Who's managing the forest?
Local conservationists believe proposed policies will undermine the public process.

Management of the public lands, such as the San Juan National Forest, seen here, may be subject to revised environmental regulations, which the Bush administration says will streamline the federal review process and save tax dollars.
However, local environmentalists say the revised rules are just a way to undermine the public input process. /Photo by Dustin Bradford.

New national environmental policies are beginning to arrive in La Plata County, and local conservationists have deep concerns. Area forest management could get a George W. Bush facelift, and there is fear that the public could be excluded from control of the forested areas surrounding Durango.

Jeff Berman, executive director of Colorado Wild, openly criticizes the White House’s new line on the environment. “This is hands-down the most anti-environmental administration I’ve ever seen,” he said. “It’s not just anti-environment, it’s anti-public.”

The Bush administration has recently tried to tackle a number of environmental regulations that range from clean air to stewardship of the nation’s forests. When Berman says “anti-public,” he’s referring to what he sees as a widespread effort to cut the public out of the management of public lands, and national forests in particular.

“The Bush administration is very clearly chipping away at any environmental regulation that’s in place for the national forest that we all own,” he said.
At face level, several of the proposals are intended to streamline federal review and cut down on wasted tax dollars. However, the streamlining would come at the expense of public scoping. An initiative introduced Dec. 6 would exempt revisions of forest plans from having to go through an intensive environmental impact statement. Forest plans represent the guiding spirit of areas like the San Juan National Forest.

“This is one of the most outrageous efforts to undermine public involvement in public lands,” Berman said.

Mark Pearson, executive director of San Juan Citizens’ Alliance, agrees that the streamline is an attempt to cut the public out of the process. “The Bush administration can’t just wave a magic wand and make the public go away,” he said.

Another initiative announced Dec. 16 would capitalize on the recent wildlfire season. Wooded areas deemed hazardous could be “categorically excluded” from environmental review prior to thinning projects. With a proposal to thin the Missionary Ridge burn area next summer, local foresters could seize on the new proposal. Plans are to “salvage” between 12 and 36 million board feet of timber from Missionary Ridge next summer, making it one of the largest timber sales in the state.

“Potentially, they will have the maneuverability to cut out the public if they desire,” said Pearson. However, Pearson noted that the San Juan National Forest has a good history of consensus building and has already begun an environmental impact statement for the project.

Thurman Wilson, assistant manager for the San Juan Public Lands Center, confirmed this. “We’re already working on an EIS for Missionary Ridge and plan on continuing it,” he said.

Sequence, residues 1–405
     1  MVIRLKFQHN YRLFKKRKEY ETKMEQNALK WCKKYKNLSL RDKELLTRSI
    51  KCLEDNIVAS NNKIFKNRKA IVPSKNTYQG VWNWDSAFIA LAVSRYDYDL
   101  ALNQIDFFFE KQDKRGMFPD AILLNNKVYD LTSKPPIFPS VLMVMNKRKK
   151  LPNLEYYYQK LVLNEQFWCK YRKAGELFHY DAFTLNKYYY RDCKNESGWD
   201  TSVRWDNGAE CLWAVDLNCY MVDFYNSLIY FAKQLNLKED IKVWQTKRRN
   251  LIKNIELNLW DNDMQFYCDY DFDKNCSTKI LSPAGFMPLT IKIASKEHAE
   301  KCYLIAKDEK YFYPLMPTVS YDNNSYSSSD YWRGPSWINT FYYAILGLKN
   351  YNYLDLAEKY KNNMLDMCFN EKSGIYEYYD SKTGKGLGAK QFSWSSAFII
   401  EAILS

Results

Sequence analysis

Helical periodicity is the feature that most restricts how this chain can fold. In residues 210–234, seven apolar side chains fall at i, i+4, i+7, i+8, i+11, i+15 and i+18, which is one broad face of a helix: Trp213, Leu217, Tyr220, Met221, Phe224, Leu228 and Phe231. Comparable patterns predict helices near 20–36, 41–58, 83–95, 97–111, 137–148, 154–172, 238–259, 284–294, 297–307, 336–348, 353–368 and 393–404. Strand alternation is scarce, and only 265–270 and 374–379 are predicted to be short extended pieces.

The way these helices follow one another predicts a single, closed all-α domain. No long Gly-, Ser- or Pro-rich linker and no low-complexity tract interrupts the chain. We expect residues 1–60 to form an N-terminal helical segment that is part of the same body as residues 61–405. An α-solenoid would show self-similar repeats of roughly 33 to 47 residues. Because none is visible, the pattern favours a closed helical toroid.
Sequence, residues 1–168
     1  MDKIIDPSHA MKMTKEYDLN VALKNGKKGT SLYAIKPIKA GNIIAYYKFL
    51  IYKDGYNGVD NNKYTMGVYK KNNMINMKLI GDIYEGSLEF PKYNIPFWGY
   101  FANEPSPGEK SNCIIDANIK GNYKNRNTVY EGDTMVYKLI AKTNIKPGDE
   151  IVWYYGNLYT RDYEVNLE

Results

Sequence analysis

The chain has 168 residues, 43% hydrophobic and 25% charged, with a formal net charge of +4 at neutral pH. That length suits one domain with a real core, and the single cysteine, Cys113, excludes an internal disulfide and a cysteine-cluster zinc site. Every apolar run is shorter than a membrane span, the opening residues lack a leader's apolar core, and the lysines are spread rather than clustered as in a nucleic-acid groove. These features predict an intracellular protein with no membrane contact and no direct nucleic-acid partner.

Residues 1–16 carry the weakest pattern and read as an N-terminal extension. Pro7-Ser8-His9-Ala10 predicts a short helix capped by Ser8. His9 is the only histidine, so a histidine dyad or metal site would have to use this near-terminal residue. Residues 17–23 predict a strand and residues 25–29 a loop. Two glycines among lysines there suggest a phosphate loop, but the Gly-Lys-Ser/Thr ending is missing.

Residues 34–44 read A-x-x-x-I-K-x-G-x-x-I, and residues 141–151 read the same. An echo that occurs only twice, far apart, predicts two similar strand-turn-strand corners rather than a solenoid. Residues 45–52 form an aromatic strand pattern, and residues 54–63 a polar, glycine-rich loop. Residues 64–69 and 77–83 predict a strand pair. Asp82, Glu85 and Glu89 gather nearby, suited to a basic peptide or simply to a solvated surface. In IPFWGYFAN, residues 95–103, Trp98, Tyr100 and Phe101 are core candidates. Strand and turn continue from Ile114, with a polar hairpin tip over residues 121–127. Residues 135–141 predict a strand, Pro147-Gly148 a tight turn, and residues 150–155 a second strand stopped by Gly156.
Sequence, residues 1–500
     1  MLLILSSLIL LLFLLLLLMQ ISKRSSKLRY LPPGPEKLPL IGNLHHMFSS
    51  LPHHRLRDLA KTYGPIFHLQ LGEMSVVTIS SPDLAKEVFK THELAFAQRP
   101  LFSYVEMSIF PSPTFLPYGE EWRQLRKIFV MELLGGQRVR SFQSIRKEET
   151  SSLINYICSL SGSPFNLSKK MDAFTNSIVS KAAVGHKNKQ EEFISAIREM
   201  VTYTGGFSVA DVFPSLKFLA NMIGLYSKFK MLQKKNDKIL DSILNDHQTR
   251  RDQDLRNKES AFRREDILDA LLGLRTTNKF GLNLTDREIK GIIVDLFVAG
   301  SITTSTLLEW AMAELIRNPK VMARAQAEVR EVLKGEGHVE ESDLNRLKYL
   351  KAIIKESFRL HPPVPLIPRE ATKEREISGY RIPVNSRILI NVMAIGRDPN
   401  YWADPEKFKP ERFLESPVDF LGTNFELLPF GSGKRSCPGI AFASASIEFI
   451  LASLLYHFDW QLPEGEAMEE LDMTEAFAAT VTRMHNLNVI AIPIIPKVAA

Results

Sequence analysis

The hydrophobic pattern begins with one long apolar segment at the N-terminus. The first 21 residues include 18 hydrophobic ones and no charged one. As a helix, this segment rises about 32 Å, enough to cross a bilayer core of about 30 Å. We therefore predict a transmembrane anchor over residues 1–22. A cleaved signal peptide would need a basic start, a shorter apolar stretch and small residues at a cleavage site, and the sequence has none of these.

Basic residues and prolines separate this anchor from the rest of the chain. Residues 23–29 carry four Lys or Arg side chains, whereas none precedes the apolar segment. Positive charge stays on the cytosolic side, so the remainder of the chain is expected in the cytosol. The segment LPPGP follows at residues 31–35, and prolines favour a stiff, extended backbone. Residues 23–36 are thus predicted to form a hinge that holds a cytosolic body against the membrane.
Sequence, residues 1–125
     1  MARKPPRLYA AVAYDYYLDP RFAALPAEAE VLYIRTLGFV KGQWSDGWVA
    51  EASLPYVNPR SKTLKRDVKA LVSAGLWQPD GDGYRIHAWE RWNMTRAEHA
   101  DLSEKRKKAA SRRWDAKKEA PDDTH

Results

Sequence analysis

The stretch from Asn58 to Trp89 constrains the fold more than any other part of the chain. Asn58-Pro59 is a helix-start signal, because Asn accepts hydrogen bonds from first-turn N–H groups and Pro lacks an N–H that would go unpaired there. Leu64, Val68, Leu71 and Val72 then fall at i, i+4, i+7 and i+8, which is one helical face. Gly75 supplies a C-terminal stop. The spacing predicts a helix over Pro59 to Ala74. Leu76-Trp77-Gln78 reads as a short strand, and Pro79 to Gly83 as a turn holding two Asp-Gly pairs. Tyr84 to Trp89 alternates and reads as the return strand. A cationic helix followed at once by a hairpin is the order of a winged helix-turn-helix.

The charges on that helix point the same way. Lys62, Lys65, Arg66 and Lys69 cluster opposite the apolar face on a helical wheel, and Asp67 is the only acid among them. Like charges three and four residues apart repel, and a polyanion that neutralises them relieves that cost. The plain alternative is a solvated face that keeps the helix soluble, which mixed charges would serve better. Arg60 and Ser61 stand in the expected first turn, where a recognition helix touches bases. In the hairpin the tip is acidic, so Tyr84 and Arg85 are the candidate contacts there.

However, Wilson noted that categorical exclusions could affect future fuels-reduction projects. “There is potential locally for other kinds of fuels-reduction projects,” he said. “We might end up with a more simplified process on those.”

Regarding the streamlining of forest plan revisions, Wilson said there probably would be no short-term effect locally. The San Juan National Forest undertook a revision of its forest plan beginning in 1995. After a several-year-long delay in 1998, work on the plan has recently resumed.

“We’ve already had quite a bit of public involvement with community members throughout the San Juans,” Wilson said. “We’ll certainly still do more.”
Regardless of best intentions, Berman countered, “The proposed regulatory changes are going to make public land much more open to excessive logging. Whatever side of the fence you sit on, these proposals will eliminate any input or even knowledge of proposed actions.”

Some good environmental news may have surfaced on another front. A recent directive for wetlands has emerged and it may have positive impacts. A “no-net-loss” regulation has traditionally guided wetland mitigation, and replacement wetlands have had to be constructed close to disrupted or destroyed wetlands. However, a new mandate to handle wetlands mitigation on a regional basis was handed down last week. The move sparked concerns that wetlands would not be replaced where they should be and that no-net-loss would become a thing of the past.

However, Lesley McWhirter, project manager for the Durango office of the Army Corps of Engineers, the agency responsible for regulating wetlands, doesn’t agree. Instead, she said the new mandate will allow the corps to address long-standing, overall impacts.

“I think it’s a mandate to start improving the guidelines,” McWhirter said. “It will get us to start looking at cumulative impacts more effectively.”

And as for concerns that local wetlands will be replaced on the Front Range or elsewhere, McWhirter said that the Corps has been directed to take a watershed-based approach to wetlands and to consider river basins like the Animas, as a whole. Such an approach will allow the Corps to consider not only present impacts but past ones as well.

“By looking at the major drainages, we’ll be really trying to get a handle on what impacts are occurring or have occurred,” she said.

The Forest Service has opened a 90-day comment period on its proposed regulation changes. Comments on the forest plan revisions are due by March 6 and the scoping for categorical exclusions for salvage logging near communities will end March 16.






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